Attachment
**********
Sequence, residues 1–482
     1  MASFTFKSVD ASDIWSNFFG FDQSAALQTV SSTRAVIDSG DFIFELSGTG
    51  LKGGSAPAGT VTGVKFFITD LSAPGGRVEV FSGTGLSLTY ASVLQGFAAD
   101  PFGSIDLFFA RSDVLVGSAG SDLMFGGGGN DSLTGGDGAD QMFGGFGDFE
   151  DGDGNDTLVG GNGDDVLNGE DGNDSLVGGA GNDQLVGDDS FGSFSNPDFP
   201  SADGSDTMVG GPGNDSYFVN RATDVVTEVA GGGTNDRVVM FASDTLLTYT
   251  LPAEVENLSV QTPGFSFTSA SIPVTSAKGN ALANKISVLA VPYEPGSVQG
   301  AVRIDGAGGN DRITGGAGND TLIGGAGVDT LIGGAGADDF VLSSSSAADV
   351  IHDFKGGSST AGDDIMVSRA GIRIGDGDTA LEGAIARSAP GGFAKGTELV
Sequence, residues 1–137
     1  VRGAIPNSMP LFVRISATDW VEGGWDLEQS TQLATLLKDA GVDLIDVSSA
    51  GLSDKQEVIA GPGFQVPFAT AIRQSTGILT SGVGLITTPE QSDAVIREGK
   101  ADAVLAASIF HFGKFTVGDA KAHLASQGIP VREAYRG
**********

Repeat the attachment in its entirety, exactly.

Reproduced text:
Sequence, residues 1–482
     1  MASFTFKSVD ASDIWSNFFG FDQSAALQTV SSTRAVIDSG DFIFELSGTG
    51  LKGGSAPAGT VTGVKFFITD LSAPGGRVEV FSGTGLSLTY ASVLQGFAAD
   101  PFGSIDLFFA RSDVLVGSAG SDLMFGGGGN DSLTGGDGAD QMFGGFGDFE
   151  DGDGNDTLVG GNGDDVLNGE DGNDSLVGGA GNDQLVGDDS FGSFSNPDFP
   201  SADGSDTMVG GPGNDSYFVN RATDVVTEVA GGGTNDRVVM FASDTLLTYT
   251  LPAEVENLSV QTPGFSFTSA SIPVTSAKGN ALANKISVLA VPYEPGSVQG
   301  AVRIDGAGGN DRITGGAGND TLIGGAGVDT LIGGAGADDF VLSSSSAADV
   351  IHDFKGGSST AGDDIMVSRA GIRIGDGDTA LEGAIARSAP GGFAKGTELV
Sequence, residues 1–137
     1  VRGAIPNSMP LFVRISATDW VEGGWDLEQS TQLATLLKDA GVDLIDVSSA
    51  GLSDKQEVIA GPGFQVPFAT AIRQSTGILT SGVGLITTPE QSDAVIREGK
   101  ADAVLAASIF HFGKFTVGDA KAHLASQGIP VREAYRG